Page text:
language used in any future risk assessment mechanisms, design standards
or guidance is both clear and consistent. A structure for the proposed expert
group could (and should) readily be abstracted from the developments
outlined in these papers. Finally, Saraga helpfully berates the criminological
academy for its latent or overt hostility to manufacturers. One observation of
the authors is that despite protracted and intensive efforts to engage the
manufacturers of electronic goods in the MARC process, their wish to be
involved was minimal or absent. Saraga’s point that criminologists have to
learn how to present the business case for security is well taken.
As the first paper presented within this journal outlines in more detail, Project
MARC aimed to develop a mechanism to assess the risk of theft of electronic
products and to take steps to operationalise that mechanism. The project
presented both a mechanism for assessment of risk as well as a system to
put this in practice. The project authors conclude that the vulnerability
checklist designed as part of the project is fit for purpose, however, measuring
security through a standardised quantitative checklist risks imposing an
artificial ceiling upon the exercise of ingenuity and skill and understates the
degree to which security is specific to product type. In short, vulnerability is
effectively measurable, security is not. A parallel is the debate about
standards, where product security can be designed down to a standard and
hence more easily be by-passed. It is suggested that security should be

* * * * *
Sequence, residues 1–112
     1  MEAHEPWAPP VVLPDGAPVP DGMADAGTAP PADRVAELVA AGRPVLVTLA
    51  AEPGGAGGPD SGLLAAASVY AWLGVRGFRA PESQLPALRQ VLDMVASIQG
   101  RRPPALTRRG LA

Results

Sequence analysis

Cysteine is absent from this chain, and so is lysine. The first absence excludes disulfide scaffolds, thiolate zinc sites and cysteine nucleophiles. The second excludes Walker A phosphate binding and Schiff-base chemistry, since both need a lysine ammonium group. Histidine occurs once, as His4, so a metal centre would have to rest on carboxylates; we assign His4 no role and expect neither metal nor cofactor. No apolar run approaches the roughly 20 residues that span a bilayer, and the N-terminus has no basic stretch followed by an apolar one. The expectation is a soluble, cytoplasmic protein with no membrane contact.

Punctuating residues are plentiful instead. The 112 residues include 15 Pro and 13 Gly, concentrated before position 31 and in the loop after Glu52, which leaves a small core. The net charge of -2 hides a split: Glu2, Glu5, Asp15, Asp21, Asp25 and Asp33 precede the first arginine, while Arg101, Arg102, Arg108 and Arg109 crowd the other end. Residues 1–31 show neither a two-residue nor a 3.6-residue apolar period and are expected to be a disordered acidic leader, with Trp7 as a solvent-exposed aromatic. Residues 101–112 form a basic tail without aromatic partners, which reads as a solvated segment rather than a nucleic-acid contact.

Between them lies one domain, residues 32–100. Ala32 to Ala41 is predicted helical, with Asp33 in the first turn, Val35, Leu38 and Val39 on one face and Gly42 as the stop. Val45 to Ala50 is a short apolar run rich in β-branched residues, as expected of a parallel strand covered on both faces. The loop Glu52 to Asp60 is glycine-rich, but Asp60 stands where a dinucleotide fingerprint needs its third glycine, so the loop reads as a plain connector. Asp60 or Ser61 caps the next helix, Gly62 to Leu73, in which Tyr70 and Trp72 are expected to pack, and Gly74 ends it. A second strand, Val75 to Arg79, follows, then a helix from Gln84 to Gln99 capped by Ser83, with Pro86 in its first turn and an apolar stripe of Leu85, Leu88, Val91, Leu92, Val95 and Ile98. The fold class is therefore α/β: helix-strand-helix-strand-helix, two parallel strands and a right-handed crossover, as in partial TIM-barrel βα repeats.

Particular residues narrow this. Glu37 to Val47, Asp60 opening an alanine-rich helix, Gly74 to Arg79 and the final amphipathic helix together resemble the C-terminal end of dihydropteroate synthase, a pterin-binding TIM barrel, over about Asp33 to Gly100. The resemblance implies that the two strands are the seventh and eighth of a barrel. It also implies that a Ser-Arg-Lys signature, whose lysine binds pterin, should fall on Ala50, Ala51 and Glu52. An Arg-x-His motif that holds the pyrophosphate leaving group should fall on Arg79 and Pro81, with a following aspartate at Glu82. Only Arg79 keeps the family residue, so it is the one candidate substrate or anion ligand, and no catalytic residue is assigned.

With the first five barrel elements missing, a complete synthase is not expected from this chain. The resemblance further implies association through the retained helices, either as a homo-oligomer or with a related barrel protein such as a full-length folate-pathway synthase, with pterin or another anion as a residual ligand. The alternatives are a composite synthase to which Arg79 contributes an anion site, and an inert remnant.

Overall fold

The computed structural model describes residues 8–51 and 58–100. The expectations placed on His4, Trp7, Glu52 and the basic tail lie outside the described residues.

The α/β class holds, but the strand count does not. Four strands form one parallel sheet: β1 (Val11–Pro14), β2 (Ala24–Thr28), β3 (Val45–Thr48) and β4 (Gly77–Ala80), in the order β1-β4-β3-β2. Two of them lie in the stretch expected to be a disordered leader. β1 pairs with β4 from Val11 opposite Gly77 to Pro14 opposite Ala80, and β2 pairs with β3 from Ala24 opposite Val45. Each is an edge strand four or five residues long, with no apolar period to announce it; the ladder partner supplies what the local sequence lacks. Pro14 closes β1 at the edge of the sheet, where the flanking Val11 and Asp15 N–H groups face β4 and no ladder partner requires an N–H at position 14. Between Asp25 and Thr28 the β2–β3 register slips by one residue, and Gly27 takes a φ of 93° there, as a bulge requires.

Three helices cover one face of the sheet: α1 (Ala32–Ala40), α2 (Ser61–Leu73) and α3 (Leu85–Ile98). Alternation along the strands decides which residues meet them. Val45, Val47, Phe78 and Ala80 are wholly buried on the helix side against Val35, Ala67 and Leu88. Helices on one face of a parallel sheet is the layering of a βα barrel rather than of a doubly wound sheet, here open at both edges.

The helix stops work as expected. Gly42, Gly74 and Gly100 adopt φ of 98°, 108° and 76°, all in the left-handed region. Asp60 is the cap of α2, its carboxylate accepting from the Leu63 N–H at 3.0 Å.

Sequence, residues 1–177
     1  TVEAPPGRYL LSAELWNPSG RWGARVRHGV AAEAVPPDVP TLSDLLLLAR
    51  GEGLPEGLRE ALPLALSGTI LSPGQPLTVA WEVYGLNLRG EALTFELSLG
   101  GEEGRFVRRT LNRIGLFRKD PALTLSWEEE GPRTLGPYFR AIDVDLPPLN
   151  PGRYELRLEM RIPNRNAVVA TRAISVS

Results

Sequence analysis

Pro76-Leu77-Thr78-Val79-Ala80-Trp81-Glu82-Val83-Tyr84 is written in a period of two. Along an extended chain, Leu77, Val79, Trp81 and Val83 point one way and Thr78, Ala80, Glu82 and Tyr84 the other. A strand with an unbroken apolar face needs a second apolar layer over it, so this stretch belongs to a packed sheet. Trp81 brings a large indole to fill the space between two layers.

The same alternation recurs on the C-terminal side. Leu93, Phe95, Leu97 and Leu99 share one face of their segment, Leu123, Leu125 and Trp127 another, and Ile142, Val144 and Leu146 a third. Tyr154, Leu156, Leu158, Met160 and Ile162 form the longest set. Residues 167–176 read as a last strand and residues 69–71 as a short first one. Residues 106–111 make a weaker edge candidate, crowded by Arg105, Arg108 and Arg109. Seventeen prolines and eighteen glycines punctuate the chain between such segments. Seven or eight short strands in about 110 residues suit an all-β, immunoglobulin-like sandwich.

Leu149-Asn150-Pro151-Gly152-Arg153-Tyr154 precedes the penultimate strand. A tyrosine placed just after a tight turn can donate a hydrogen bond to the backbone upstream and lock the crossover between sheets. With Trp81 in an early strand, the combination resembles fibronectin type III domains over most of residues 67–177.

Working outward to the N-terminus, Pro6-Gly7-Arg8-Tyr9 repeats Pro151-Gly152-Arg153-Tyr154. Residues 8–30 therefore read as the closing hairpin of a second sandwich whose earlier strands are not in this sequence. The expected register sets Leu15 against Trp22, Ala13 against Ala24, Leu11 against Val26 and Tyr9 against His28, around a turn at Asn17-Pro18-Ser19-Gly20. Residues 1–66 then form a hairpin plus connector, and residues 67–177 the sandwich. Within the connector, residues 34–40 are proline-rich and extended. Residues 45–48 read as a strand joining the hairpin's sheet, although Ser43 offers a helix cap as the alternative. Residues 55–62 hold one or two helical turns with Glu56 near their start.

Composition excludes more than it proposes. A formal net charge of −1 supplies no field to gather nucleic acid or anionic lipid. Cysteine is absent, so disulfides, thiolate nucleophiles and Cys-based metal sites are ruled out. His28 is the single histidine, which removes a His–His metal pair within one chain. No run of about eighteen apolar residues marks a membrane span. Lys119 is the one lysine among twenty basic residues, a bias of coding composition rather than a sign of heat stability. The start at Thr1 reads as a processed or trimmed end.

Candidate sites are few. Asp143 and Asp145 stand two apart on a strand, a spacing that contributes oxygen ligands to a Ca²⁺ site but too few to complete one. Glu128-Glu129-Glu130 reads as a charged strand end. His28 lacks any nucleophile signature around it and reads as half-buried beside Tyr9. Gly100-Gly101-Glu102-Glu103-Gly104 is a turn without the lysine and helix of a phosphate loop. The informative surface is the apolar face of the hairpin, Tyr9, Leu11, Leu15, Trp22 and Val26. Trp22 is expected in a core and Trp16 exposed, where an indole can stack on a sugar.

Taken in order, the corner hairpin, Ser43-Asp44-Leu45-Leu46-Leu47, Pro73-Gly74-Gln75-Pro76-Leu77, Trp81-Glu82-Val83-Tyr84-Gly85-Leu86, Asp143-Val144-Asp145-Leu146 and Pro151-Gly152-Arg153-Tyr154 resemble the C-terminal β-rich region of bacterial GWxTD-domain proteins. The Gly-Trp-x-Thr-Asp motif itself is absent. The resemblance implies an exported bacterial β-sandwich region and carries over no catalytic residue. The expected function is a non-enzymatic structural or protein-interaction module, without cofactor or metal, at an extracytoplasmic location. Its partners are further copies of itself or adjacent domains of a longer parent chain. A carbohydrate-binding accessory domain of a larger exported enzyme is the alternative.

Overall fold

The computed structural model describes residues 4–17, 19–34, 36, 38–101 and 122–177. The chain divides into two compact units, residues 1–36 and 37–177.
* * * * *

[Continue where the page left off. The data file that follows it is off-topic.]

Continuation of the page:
measured by an independent technical group which would deem security
features as good, adequate or insufficient with rated vulnerability, yielding a
three level rating. In terms of applying the mechanism in practice, the project
suggests two systems - the first an accreditation scheme and associated logo
(similar to the Secured by Design scheme) which would allow products
meeting the required standards to be marketed as a ‘Secure Product’, the
second a ‘signposting system’ (similar to that suggested by the UK Food
Standards Agency) which would provide consumers with instant information
relating to levels of vulnerability and security. A third suggestion not raised in
the project, is to explore the idea of implementing a system similar to carbon-
trading where a cap is imposed upon manufacturers in terms of their
permitted level of criminogenic design. Manufacturers exceeding their
allowances would be required to buy credit from criminocclusive
manufacturers. This system is an extension of the polluter-pays principle first